Michael O’Hanlon is the Philip H. Knight chair in defense and strategy and director of the Strobe Talbott Center for Security, Strategy, and Technology at the Brookings Institution. Constanze Stelzenmüller is the director of the Center on the United States and Europe at Brookings. David Wessel is the director of the Hutchins Center on Fiscal and Monetary Policy at Brookings. The authors comment individually on the data that they and their Brookings Institution colleagues have gathered below.
Ukraine has begun its long-awaited counteroffensive after withstanding a months-long and ongoing battering from Russian missiles and drones. Nine new Ukrainian brigades, totaling perhaps 30,000 troops, with modern armored vehicles and well-trained soldiers (though little air power) are moving into action. But because Russia has prepared for them, they face uncertain prospects. Even the recent Putin-Prigozhin melodrama might not change the standoff substantially — though it is too soon to be sure how Wagner mercenaries will perform with their former leader on the ropes.
Russia’s economy has limped along better than expected, even as price caps on its oil and gas exports have limited the country’s revenue. Ukraine continues to have strong backing from most NATO countries and other like-minded states, including a steady supply of weaponry and financial and humanitarian aid. Russia has so far received military aid only from the likes of Iran and North Korea.
NATO is not yet ready to welcome Ukraine into the alliance. Much hinges on how the war proceeds over the next few months.
O’Hanlon: Ukraine’s territorial division by share of land mass remains only slightly changed since last fall. Sustained Russian attacks through the winter and spring around Bakhmut, in Ukraine’s east, yielded only modest gains for President Vladimir Putin; Ukraine’s counteroffensive to date has also had only modest effects. Russia still holds just over 17 percent of Ukraine, including the 7 percent (Crimea and eastern Donbas) that it stole from Kyiv’s control before its full-scale invasion began on Feb. 24 last year.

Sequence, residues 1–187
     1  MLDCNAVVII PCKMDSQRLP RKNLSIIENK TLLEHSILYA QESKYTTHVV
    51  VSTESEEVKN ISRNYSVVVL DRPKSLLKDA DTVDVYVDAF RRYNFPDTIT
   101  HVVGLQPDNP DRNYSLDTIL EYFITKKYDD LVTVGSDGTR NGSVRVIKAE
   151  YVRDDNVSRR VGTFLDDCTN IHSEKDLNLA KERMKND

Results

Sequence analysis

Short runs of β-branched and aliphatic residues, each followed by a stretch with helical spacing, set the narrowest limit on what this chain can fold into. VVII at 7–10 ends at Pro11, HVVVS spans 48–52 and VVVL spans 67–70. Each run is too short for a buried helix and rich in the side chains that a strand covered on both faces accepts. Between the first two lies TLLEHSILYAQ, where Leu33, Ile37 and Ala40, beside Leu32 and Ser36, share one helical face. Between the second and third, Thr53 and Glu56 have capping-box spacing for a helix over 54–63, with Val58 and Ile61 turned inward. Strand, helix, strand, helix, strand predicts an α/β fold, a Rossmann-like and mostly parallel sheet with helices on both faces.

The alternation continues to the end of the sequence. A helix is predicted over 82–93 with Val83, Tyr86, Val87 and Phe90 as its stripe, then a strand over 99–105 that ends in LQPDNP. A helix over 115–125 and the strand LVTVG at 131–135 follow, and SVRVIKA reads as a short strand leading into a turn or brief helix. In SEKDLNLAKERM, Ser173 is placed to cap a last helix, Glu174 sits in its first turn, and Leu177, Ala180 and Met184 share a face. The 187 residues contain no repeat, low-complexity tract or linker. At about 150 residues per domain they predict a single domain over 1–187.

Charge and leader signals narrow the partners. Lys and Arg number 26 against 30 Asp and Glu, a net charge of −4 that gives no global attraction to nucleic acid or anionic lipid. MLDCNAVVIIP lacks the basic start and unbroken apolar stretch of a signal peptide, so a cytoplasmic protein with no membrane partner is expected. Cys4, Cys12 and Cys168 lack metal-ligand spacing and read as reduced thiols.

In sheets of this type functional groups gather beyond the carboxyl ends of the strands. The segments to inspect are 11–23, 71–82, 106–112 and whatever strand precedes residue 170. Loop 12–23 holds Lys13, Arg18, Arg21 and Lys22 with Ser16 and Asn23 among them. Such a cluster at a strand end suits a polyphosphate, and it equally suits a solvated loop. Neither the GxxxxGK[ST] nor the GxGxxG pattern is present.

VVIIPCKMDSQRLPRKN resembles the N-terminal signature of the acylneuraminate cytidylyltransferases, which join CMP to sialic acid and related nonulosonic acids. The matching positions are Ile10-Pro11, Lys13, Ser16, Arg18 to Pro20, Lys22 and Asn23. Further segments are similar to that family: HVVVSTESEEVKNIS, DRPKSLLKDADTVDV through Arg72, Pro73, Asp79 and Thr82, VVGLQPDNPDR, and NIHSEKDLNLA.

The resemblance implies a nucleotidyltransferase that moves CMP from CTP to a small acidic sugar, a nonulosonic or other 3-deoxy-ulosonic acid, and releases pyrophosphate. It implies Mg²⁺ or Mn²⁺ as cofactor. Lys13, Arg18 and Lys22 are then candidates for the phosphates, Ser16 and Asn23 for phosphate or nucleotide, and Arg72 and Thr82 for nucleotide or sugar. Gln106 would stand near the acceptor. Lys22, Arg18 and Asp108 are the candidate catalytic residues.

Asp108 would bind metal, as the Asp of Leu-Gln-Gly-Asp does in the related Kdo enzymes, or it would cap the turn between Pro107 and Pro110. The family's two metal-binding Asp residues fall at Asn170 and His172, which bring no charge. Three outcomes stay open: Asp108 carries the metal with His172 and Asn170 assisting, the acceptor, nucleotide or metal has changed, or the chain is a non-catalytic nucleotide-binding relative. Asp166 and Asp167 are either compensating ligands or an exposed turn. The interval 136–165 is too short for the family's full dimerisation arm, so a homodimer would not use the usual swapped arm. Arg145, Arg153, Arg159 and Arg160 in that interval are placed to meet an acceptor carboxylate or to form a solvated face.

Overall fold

Alas, that just over 17 percent includes a similar proportion of Ukrainian citizens, who now live under Moscow’s diktats. Russian authorities have forcibly deported to Russia more than 19,500 Ukrainian children from these occupied regions; for this, the International Criminal Court has charged Putin personally with war crimes. Casualties to date include perhaps 200,000 Russian soldiers and Wagner group mercenaries (up to one-quarter of them killed, the rest wounded), more than 100,000 Ukrainian fighters killed and wounded, and at least 40,000 Ukrainian civilians killed (and doubtless tens of thousands more wounded), according to estimates from the U.S. and European governments. After 16 months of war, the grand total from all sides is about 400,000 casualties — including about 100,000 dead.
Ukraine defenses stand firm
O’Hanlon: In the past 16 months of war, Russia has subjected Ukraine to various forms of bombardment. Beginning early last fall, Putin sought to bring fear and privation to Ukrainian cities — even those far removed from the front lines — by sending thousands of drones, cruise missiles and ballistic missiles. In recent months, Ukraine has claimed to shoot down 80 or 90 percent of incoming cruise missiles on any given day — after intercepting only about 10 percent in the war’s early months, and closer to 50 percent last summer. What’s now worrying is that Kyiv’s supply of air defense missiles might have fallen uncomfortably low. Yet, the Ukrainian people continue to show remarkable resolve. After months of attacks, only a small percentage say they favor negotiations to end the war before the rest of their country is liberated.
Economic silver linings emerged for Ukraine
Wessel: The price cap on Russian crude oil, an idea hatched in the U.S. Treasury Department in 2022 amid derision from industry experts, is achieving its twin goals: to maintain the flow of Russian oil to sustain the global economy and yet reduce the oil revenue that helps Russia finance its war. Embraced by the Group of Seven leading economies and Australia, all of which have stopped importing Russian oil, the cap permits tankers carrying Russian oil to other countries to tap essential British and European insurance and other maritime services only if the oil was purchased for no more than $60 a barrel. This cap has driven a wedge between the world oil price (Brent basket on the chart) and the price Russia receives (Urals).